This subsection describes backquote-style patterns, a set of builtin patterns that eases structural matching. For background, see Pattern-Matching Conditional.
Backquote-style patterns are a powerful set of
extensions (created using
pcase-defmacro) that make it easy to
match expval against specifications of its structure.
For example, to match expval that must be a list of two elements whose first element is a specific string and the second element is any value, you can write a core pattern:
(and (pred listp) ls
(guard (= 2 (length ls))) (guard (string= "first" (car ls))) (let second-elem (cadr ls)))
or you can write the equivalent backquote-style pattern:
The backquote-style pattern is more concise,
resembles the structure of expval,
and avoids binding
A backquote-style pattern has the form
qpat can have the following forms:
(qpat1 . qpat2)
Matches if expval is a cons cell whose
matches qpat1 and whose
cdr matches qpat2.
This readily generalizes to lists as in
(qpat1 qpat2 …).
[qpat1 qpat2 … qpatm]
Matches if expval is a vector of length m whose
(m-1)th elements match qpat1,
qpat2 … qpatm, respectively.
Matches if the corresponding element of expval is
equal to the specified literal object.
Matches if the corresponding element of expval
Note that pattern is any kind that
(In the example above,
second-elem is a symbol
core pattern; it therefore matches anything,
The corresponding element is the portion of expval
that is in the same structural position as the structural position
of qpat in the backquote-style pattern.
(In the example above, the corresponding element of
second-elem is the second element of expval.)
Here is an example of using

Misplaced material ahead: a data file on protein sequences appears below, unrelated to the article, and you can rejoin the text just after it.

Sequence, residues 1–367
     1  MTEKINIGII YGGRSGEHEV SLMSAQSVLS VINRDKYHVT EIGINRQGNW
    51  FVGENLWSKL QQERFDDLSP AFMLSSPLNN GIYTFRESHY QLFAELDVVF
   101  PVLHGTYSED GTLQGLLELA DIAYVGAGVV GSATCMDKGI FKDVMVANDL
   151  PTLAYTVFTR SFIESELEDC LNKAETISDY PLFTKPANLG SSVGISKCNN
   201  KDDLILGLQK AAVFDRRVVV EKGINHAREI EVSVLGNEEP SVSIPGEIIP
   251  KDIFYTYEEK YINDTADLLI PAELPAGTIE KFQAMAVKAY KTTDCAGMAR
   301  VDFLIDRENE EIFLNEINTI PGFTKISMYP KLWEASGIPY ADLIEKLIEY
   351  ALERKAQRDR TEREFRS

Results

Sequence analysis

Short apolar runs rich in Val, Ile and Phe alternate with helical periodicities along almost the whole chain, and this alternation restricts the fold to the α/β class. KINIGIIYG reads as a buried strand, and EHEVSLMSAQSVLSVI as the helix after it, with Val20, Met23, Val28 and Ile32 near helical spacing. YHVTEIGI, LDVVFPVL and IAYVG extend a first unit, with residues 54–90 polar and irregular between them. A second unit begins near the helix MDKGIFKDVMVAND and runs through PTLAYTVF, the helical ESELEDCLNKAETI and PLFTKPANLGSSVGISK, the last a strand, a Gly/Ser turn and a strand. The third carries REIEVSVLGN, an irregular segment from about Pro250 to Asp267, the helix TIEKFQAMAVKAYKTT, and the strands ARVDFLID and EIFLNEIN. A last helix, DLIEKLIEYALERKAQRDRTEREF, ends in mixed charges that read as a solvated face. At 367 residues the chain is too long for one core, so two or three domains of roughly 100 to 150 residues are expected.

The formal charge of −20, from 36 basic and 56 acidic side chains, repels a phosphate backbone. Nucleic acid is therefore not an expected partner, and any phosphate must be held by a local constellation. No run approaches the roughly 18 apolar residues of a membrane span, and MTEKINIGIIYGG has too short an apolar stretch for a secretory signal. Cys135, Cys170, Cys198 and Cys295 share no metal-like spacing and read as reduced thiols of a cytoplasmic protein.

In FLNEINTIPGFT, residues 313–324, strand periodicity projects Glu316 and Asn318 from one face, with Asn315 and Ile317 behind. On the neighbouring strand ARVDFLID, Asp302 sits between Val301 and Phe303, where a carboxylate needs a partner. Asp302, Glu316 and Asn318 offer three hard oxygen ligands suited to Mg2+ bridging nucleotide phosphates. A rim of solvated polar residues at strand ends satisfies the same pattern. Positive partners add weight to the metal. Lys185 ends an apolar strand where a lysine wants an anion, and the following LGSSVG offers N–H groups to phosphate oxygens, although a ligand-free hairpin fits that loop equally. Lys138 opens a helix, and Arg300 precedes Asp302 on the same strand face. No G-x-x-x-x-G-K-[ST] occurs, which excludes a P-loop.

pcase to implement a simple
interpreter for a little expression language
(note that this requires lexical binding for the
lambda expression in the
fn clause to properly
arg (see Lexical Binding):
(defun evaluate (form env) (pcase form (`(add ,x ,y) (+ (evaluate x env) (evaluate y env)))
(`(call ,fun ,arg) (funcall (evaluate fun env) (evaluate arg env))) (`(fn ,arg ,body) (lambda (val) (evaluate body (cons (cons arg val) env))))
((pred numberp) form) ((pred symbolp) (cdr (assq form env))) (_ (error "Syntax error: %S" form))))
The first three clauses use backquote-style patterns.
`(add ,x ,y) is a pattern that checks that
is a three-element list starting with the literal symbol
then extracts the second and third elements and binds them
The clause body evaluates
y and adds the results.
call clause implements a function call,
fn clause implements an anonymous function definition.
The remaining clauses use core patterns.
(pred numberp) matches if
form is a number.
On match, the body evaluates it.
(pred symbolp) matches if
form is a symbol.
On match, the body looks up the symbol in
returns its association.
_ is the catch-all pattern that
matches anything, so it’s suitable for reporting syntax errors.
Here are some sample programs in this small language, including their evaluation results:
(evaluate '(add 1 2) nil) ⇒ 3 (evaluate '(add x y) '((x . 1) (y . 2))) ⇒ 3 (evaluate '(call (fn x (add 1 x)) 2) nil) ⇒ 3 (evaluate '(sub 1 2) nil) ⇒ error